Kucinich Kraziness descended on us again this week, as the indefatigable Ohio congressman harkened once more to the Horace Greeley challenge to "Go West, Young Man." Kucinich, no longer young and soon to be no longer a congressman, is eyeing Washington's three open Congressional seats and wondering which one needs him the most.
Earth to Kucinich: The district that needs you the least is District 1, which has enough challenges of its own, particularly among Democrats. From a mob scene of up to eight (who's counting?) in the euphoria of an open seat, it looks as if the Demo flash mob is down to five, at least until filing is completed on May 18.
Republicans, meanwhile, seem to have cleared the field for John Koster, a dependable if not flashy conservative who nearly defeated Congressman Rick Larsen in 2010 and should be able to run very well in the northern half of a competitive district that is — strictly in political terms — a bit like an hourglass. That is, most of the Republicans are in the north, with a narrow section of up-for-grabs voters in the middle and a lot of Democrats in the southern portion of the district.
Kucinich, if he were to be foolish enough to enter, could conceivably split what looks like an evenly divided Democratic field and, relying on name familiarity, get the Democratic nomination. But he would be demolished in November; it's hard to imagine him getting 20 percent of the vote north of Marysville.
District 1 grew out of the state Redistricting Commission's work to create a tenth congressional district in Washington, thanks to population growth. Four partisans appointed by legislative leaders strived mightily to create new districts and District 1 was drafted by Republican Slade Gorton and Democrat Tim Ceis. Gorton, who has been the GOP's go-to guy on redistricting for decades, declared, "It may be the most evenly divided congressional district in the United States of America."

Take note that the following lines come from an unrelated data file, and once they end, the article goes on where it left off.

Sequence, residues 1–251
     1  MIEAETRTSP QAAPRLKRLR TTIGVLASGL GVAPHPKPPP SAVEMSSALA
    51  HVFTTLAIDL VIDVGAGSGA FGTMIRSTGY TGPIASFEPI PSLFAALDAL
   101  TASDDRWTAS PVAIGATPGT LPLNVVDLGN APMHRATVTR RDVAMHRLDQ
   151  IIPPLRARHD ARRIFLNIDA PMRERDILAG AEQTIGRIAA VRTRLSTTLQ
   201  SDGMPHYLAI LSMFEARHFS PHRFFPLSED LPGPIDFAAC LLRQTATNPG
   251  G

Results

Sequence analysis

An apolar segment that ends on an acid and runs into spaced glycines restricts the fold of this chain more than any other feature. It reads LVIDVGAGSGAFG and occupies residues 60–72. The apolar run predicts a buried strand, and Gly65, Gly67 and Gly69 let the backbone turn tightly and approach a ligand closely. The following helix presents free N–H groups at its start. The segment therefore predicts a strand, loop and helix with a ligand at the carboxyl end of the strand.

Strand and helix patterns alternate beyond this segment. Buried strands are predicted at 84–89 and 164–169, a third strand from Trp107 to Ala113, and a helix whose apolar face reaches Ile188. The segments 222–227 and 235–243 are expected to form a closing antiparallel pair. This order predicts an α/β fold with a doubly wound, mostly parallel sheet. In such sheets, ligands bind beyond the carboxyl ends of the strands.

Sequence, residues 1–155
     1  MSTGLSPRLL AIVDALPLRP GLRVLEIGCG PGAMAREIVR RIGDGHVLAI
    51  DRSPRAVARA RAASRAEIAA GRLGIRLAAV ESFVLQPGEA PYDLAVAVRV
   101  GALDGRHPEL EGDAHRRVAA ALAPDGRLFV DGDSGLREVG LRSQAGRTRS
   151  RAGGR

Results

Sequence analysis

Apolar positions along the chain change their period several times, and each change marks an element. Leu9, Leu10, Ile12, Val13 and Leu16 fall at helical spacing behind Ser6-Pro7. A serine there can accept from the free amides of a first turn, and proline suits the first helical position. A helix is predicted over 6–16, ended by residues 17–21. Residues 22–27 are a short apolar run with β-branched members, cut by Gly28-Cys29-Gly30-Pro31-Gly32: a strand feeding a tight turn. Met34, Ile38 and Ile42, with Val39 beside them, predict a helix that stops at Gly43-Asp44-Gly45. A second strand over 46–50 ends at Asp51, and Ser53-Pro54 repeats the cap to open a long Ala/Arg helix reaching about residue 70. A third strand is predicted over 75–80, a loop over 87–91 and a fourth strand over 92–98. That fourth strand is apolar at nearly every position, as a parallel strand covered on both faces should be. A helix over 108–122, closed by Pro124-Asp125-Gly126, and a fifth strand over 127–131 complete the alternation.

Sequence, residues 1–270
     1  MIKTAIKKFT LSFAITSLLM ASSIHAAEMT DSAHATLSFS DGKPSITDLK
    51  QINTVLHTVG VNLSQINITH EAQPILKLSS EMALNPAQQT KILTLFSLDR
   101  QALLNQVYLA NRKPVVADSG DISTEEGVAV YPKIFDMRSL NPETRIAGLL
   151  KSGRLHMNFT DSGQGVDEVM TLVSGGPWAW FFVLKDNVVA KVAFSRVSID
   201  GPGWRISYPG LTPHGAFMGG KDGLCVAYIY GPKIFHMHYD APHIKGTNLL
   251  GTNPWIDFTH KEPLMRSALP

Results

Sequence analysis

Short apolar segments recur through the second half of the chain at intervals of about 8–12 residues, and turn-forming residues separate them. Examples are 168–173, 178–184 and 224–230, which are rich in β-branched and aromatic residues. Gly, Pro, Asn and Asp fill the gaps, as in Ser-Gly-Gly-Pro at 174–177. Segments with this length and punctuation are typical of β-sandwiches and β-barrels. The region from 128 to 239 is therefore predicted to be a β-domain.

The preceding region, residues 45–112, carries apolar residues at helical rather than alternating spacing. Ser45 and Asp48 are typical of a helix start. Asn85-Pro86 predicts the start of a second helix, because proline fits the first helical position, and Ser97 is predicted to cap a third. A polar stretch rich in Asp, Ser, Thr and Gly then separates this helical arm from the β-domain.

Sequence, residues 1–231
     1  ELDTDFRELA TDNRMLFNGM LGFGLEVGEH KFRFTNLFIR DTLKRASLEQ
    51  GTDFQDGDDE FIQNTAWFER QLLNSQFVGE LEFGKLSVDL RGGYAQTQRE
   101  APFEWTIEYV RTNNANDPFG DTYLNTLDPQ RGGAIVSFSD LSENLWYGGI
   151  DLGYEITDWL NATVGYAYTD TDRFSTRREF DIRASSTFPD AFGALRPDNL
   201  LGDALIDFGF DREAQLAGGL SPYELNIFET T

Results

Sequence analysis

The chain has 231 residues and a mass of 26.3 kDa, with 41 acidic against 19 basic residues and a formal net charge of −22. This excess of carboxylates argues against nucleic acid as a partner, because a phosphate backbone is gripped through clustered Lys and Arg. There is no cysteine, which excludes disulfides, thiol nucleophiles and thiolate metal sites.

The district essentially takes the eastern, rural portion of Snohomish, Skagit, and Whatcom counties from the old District 2 represented by Larsen and puts them in the new District 1, bringing in northern King County with its high-tech suburbs and Democratic voters — and candidates.
As a result, three of the five surviving Democrat candidates (after dropouts along the way) are former Microsoft employees; the fourth, state Sen. Steve Hobbs of Lake Stevens, is in that "up for grabs zone: and is the lone conservative Democrat running. The "Microsoftie" candidates are Darcy Burner and Suzan DelBene, both past candidates against Congressman Dave Reichert, and Laura Ruderman, a former legislator. The fifth Democrat, untested politically, is Darshan Rauniyar, a Nepal-born high-tech entrepreneur and Snohomish County resident.
Republicans — the 2012 presidential primary notwithstanding — are often more disciplined in keeping primaries manageable, and District 1 saw Koster filing early and two would-be challengers dropping by the wayside. Looking at past voting in what is now District 1, Koster will be formidable. In 2010 he took 49 percent from Larsen of the overall district and carried Snohomish County, home base of both men. In 2012, the traditional Democratic stronghold of Everett stays in Larsen's district; Koster gets the Republican side of the county.
He also gets the Republican side of Whatcom and Skagit, with the addition of Mount Vernon, which normally goes Democratic. All the other Democratic strongholds of the old District 2 (which Koster nearly won in 2010) remain in District 2; Koster need not worry about liberals in Bellingham, San Juan County, Anacortes, and Everett.
Rural parts of northwest Washington have chafed at being represented by a Democrat for many years, and figure to unite behind Koster, who is well known for his years on the Snohomish County Council and his runs against Larsen (2000 and 2010). Koster is also the king of freeway signs — posting large signs in the right-of-way between I-5 and parallel state roads.
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